For many seniors, cost is the trump factor when making decisions about mobility solutions. Retirees living on a fixed income and saddled with other expensive necessities such as prescription medications or frequent doctor visits may be hesitant to spend money on a lift recliner, even if their medical condition requires a lift chair to be able to sit safely and comfortably. The good news for those seniors – besides the wide range of affordable lift chairs on the market today – is that Medicare will reimburse people with certain medical conditions for a portion of the cost of a liftchair.
Medicare enrollees who receive Part B benefits covering durable medical equipment will only receive reimbursement for the portion of the sale price which reflects the cost of an electric lift mechanism in the chair, which generally tops out around $300.00. Although Medicare Part B covered lift chairs in full in the recent past, that changed in the 1990s due to safety concerns about unreliable manual spring lift recliners. Additionally, an overall increase in liftchair-related claims throughout the 1980s and early 1990s proved to be too expensive for the federal government to continue paying in full. As a result, Medicare reimbursement is only available for electric lift recliners; spring lift chairs are not covered under Medicare Part B.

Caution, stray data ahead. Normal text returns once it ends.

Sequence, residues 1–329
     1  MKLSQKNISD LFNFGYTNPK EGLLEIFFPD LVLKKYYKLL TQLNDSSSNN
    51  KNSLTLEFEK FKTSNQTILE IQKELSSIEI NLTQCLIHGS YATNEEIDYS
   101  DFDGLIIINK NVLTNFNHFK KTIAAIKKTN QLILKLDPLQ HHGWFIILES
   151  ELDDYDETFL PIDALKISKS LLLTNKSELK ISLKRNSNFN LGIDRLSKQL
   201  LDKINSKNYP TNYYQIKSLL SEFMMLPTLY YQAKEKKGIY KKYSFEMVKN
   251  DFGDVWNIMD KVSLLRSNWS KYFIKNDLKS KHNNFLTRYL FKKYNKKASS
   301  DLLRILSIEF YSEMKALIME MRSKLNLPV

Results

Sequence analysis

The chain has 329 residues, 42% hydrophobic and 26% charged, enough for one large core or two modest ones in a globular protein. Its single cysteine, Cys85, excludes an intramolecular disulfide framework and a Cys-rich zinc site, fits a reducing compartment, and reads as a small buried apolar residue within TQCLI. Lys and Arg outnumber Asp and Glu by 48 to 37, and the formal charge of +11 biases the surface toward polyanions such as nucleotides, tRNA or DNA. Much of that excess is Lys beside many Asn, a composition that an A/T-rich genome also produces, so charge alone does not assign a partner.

To receive Medicare Part B reimbursement for your lift chair, you must be diagnosed with a neuromuscular disease or severe arthritis of the hip or knee. A supervising physician must have exhausted all other treatment options, such as physical therapy, to aid you in standing and sitting normally. You must also be unable to stand up or sit down normally in any given chair in your house; merely having difficulties with standing up from or sitting down in a normal chair does not merit Medicare reimbursement. Once standing, you must also be able to walk. Most importantly, the use of a liftchair must be prescribed by a doctor to improve, or slow the deterioration of, your existing medical condition.
To receive Medicare reimbursement, you will need a purchase receipt for the lift chair, a prescription, and a certificate of medical necessity which must be completed and signed by your doctor. Once you have these documents, it is simply a matter of delivering them to your local Medicare office for processing. Lift chair retailers often provide assistance with processing the required paperwork as a courtesy to their customers, so if you need help with filing for reimbursement, ask a lift chair salesperson if they can help you with filing your claim.